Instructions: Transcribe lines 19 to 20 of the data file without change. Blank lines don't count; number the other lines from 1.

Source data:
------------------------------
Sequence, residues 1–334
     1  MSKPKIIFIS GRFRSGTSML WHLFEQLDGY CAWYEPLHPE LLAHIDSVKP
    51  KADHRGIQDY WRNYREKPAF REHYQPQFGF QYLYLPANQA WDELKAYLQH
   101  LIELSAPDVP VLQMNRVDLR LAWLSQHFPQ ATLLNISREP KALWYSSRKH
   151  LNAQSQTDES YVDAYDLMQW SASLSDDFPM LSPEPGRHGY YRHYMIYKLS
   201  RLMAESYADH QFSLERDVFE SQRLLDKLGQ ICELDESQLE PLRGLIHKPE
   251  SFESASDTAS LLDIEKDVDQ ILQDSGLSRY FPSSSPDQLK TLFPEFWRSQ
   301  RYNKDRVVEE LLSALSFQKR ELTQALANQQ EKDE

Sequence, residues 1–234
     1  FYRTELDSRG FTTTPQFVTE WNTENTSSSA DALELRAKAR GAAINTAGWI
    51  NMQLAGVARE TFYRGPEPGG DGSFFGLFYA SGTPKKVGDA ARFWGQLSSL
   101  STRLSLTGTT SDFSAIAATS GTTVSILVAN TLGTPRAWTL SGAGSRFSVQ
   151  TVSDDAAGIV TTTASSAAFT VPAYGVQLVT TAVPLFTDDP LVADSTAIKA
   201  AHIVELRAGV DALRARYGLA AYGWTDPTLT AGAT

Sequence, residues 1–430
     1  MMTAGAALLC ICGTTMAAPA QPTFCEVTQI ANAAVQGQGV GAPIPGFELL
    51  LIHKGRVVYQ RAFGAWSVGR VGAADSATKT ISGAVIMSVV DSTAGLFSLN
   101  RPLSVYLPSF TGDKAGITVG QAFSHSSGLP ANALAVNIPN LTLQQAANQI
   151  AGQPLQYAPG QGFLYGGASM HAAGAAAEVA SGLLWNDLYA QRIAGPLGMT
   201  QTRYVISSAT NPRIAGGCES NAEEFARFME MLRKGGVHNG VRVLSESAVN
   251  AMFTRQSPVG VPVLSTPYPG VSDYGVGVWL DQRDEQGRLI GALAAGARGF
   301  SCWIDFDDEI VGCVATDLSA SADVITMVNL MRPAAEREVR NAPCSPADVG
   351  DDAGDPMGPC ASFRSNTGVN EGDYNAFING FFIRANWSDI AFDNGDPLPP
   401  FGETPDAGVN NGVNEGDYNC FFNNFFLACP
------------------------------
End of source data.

   151  AGQPLQYAPG QGFLYGGASM HAAGAAAEVA SGLLWNDLYA QRIAGPLGMT
   201  QTRYVISSAT NPRIAGGCES NAEEFARFME MLRKGGVHNG VRVLSESAVN